Dec 19, 2010; Indianapolis, IN, USA; Indianapolis Colts wide receiver Austin Collie (17) lays on the ground after suffering an apparent concussion against the Jacksonville Jaguars at Lucas Oil Stadium. Mandatory Credit: Brian Spurlock-USA TODAY Sports

Concussions and the Defenseless Receiver: Could All This be Avoided?

Yesterday here on GMenHQ we had the pleasure of interviewing 2 time Super Bowl Champion CB Mark Collins of the New York Football Giants.  While Mark was very personable as always, he also made a point that I thought worthy of some more thought.  Click Here to hear the clip

Mark’s point about allowing the defenders to handle the receivers a little bit more is valid.  Most analysts have likened the middle of the field in todays NFL to a NASCAR track.  They have purposely opened up the filed to create more offense and therefore they believe more excitement, but has this come at a cost?  Has it actually added to what the NFL says is it’s biggest concern in player safety?  Maybe the NFL could look into allowing contact of a receiver 10 yards down the field, instead of the current five.  If a defender is closer, and can hand check a receiver, then defenses could play less zone coverage and the big open spaces that allow for the high speed collisions could be lessened.  This is coming from a man that played 13 years in the NFL and understands the game from a players perspective.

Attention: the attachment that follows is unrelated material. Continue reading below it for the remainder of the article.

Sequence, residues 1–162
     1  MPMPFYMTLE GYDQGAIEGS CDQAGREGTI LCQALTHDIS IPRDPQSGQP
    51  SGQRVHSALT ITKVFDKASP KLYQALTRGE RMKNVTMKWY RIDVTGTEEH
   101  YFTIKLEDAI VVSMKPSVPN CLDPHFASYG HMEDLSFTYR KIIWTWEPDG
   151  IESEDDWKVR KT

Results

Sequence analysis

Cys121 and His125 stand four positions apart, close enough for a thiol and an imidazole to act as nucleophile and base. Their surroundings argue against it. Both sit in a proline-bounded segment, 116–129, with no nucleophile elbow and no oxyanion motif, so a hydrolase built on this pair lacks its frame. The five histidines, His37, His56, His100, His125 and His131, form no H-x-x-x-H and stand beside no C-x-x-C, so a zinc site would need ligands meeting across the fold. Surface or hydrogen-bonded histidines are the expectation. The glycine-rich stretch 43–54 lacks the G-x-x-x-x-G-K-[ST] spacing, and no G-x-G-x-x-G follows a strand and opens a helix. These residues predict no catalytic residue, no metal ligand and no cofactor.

The New York Giants won a Super Bowl after the 1990 season vs. the Buffalo Bills, and their entire defensive scheme was to punish the receivers after they caught the ball, and therefore slow them down.  Not one of those receivers was hit in the head or even above the shoulders.  Mark Collins played in that game and agrees that proper form tackling and teaching legal hitting has all but disappeared form the college game and now it shows in the NFL.  ESPN, the league itself, and the other networks continue to tell us what we want to see….violent collisions, long pass plays, receivers running free all over the field.  I would challenge anyone to go back and watch that Super Bowl where the Giants ran a two tight end or three tight end set the majority of the game, while the Bills ran a no huddle fast break offense, and tell me it’s not one of the most entertaining games of all time.

Big hits can be legal, defense can be exciting, and it will go a long way towards ensuring the safety of todays players.

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Tags: Concussions New York Giants NFL

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